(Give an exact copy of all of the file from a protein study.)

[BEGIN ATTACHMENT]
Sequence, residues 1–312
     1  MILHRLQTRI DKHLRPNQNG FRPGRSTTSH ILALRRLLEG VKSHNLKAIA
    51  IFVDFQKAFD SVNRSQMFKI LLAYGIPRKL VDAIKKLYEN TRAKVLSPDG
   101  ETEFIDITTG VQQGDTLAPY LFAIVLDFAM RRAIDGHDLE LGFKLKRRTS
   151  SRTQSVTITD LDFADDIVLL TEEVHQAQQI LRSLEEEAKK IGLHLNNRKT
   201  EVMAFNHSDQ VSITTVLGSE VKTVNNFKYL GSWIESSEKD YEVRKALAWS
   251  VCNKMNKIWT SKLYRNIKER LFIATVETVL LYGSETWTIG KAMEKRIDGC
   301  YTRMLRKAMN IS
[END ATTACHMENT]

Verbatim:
Sequence, residues 1–312
     1  MILHRLQTRI DKHLRPNQNG FRPGRSTTSH ILALRRLLEG VKSHNLKAIA
    51  IFVDFQKAFD SVNRSQMFKI LLAYGIPRKL VDAIKKLYEN TRAKVLSPDG
   101  ETEFIDITTG VQQGDTLAPY LFAIVLDFAM RRAIDGHDLE LGFKLKRRTS
   151  SRTQSVTITD LDFADDIVLL TEEVHQAQQI LRSLEEEAKK IGLHLNNRKT
   201  EVMAFNHSDQ VSITTVLGSE VKTVNNFKYL GSWIESSEKD YEVRKALAWS
   251  VCNKMNKIWT SKLYRNIKER LFIATVETVL LYGSETWTIG KAMEKRIDGC
   301  YTRMLRKAMN IS